Foxconn: why the world’s tech factory faces its biggest tests

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Few companies epitomise the era of globalisation better than Hon Hai, the world’s largest contract electronics manufacturer. Known as Foxconn Technology Group, its formula for success includes: massive plants in China run with an abundant supply of low-cost labour, proximity to clusters of suppliers and a reliance on free trade and a seemingly insatiable global appetite for mass market devices.

Over the past 15 years, Foxconn has grabbed a significant share of the orders to make personal computers and smartphones for brands such as Apple, Dell and Huawei. Along with rival manufacturers from Taiwan such as Quanta Computer, Pegatron and Wistron, it has led a constant race to make the manufacturing process cheaper, faster and more efficient.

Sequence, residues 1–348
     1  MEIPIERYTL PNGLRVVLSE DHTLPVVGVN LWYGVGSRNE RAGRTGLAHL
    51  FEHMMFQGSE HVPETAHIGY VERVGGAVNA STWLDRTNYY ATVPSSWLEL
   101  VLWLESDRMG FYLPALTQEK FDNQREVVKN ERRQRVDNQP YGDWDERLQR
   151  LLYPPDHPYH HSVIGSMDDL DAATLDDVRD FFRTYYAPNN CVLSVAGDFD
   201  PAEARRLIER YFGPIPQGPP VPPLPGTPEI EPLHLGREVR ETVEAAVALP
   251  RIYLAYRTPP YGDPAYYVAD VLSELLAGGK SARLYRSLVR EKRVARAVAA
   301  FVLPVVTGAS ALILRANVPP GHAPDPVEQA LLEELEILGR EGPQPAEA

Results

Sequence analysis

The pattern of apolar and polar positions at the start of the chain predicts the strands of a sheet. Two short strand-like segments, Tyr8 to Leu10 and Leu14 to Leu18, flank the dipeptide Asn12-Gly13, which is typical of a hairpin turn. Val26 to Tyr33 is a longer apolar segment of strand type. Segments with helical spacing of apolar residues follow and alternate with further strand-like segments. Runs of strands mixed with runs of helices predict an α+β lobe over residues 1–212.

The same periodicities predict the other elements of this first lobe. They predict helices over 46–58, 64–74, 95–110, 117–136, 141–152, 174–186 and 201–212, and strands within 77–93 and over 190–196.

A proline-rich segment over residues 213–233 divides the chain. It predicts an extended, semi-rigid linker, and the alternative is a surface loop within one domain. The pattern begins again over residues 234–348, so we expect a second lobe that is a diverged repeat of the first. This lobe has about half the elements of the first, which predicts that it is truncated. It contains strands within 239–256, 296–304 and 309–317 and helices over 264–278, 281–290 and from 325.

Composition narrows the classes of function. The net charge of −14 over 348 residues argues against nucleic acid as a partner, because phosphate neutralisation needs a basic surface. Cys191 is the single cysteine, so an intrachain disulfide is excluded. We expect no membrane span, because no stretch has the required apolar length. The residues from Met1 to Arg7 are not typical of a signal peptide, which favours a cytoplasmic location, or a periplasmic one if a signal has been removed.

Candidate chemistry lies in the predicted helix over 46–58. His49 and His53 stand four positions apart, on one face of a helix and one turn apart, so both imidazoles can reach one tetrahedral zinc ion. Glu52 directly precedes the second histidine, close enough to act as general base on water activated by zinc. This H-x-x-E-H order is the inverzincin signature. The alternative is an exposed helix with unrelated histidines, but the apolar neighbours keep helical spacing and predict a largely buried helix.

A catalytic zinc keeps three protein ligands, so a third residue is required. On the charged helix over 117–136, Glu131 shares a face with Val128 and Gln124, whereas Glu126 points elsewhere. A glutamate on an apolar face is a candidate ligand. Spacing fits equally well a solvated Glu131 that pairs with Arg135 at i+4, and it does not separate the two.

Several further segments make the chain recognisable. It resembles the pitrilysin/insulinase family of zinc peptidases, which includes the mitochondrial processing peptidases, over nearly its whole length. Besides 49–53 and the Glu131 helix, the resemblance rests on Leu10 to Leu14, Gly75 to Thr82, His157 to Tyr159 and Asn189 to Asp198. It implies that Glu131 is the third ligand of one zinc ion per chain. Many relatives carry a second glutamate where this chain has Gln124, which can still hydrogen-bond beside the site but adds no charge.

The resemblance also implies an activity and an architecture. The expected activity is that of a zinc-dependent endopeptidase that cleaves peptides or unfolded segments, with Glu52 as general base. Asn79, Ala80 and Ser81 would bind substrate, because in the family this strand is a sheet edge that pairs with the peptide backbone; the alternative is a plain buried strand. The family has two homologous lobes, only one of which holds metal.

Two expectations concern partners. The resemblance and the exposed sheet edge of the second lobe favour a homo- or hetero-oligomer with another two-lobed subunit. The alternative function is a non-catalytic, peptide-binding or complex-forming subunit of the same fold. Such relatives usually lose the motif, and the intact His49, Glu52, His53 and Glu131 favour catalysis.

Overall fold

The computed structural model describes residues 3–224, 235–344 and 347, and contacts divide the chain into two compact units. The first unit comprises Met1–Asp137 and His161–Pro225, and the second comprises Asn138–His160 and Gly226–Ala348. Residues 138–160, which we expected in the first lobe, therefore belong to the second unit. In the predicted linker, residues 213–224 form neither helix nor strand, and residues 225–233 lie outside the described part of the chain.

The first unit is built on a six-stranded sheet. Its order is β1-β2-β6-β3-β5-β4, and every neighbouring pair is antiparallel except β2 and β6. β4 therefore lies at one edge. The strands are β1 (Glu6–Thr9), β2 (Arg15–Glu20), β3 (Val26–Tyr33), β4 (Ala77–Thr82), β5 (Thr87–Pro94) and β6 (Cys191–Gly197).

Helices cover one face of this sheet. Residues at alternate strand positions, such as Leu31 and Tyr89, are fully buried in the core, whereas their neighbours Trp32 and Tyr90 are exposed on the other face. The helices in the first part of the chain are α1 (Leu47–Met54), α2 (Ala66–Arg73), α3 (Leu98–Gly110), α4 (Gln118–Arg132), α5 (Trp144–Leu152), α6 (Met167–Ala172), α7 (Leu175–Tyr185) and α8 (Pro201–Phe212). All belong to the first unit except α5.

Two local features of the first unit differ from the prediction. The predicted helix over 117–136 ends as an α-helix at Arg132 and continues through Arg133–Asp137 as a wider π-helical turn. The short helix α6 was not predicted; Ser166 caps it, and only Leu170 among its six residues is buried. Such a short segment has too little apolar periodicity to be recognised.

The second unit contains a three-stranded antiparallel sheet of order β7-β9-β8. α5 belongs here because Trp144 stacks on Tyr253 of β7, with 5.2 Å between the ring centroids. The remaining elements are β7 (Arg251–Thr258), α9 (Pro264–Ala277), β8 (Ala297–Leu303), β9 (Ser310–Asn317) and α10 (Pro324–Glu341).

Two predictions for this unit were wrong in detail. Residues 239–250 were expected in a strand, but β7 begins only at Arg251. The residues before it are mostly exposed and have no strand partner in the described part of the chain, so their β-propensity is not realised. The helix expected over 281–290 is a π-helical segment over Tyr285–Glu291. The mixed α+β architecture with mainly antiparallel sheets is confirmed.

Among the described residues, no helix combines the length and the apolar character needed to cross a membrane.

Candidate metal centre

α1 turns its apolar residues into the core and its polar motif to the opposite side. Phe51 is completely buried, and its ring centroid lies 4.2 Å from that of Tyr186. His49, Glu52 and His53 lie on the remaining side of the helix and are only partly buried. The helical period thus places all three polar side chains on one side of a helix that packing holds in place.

This Tuesday will be a historic day for Foxconn, when it will host an investor conference for the first time ever. On the agenda at the event in the Taipei suburb of Tucheng, which translates as Dirt City, is the looming existential challenges for a company which is both the world’s largest assembler of Apple iPhones and China’s biggest private sector employer.

The immediate order of business is to explain how the company will be run after Terry Gou, the tycoon who founded it 45 years ago, steps down as chairman to enter politics and run for the Taiwanese presidency.

But the even bigger issue will be how Foxconn plans to navigate two separate threats from politics and from artificial intelligence which have the potential to wreck the business model of the handful of Taiwanese electronic manufacturing services companies that dominate the consumer technology supply chain.

The company is caught in the middle of the escalating trade war between the US and China — the one-time champion of globalisation now suffering as more hawkish members of the Trump administration … Read More...